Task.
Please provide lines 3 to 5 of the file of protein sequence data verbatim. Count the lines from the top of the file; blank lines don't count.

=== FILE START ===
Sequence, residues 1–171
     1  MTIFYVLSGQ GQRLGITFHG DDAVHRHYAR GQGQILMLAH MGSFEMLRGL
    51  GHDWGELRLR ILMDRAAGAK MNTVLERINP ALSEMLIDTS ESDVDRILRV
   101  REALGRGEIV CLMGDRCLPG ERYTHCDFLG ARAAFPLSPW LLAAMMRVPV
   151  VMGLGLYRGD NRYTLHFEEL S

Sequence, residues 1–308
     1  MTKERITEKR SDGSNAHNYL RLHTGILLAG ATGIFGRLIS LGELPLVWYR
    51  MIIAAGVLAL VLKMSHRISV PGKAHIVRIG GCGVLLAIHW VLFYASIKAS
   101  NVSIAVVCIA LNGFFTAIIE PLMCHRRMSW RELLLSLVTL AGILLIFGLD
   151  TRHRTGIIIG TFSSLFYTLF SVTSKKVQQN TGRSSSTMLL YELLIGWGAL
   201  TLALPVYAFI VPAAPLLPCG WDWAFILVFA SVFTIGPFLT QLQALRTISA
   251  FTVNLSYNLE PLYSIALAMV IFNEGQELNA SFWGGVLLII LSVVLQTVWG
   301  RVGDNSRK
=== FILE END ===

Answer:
    51  GHDWGELRLR ILMDRAAGAK MNTVLERINP ALSEMLIDTS ESDVDRILRV
   101  REALGRGEIV CLMGDRCLPG ERYTHCDFLG ARAAFPLSPW LLAAMMRVPV
   151  VMGLGLYRGD NRYTLHFEEL S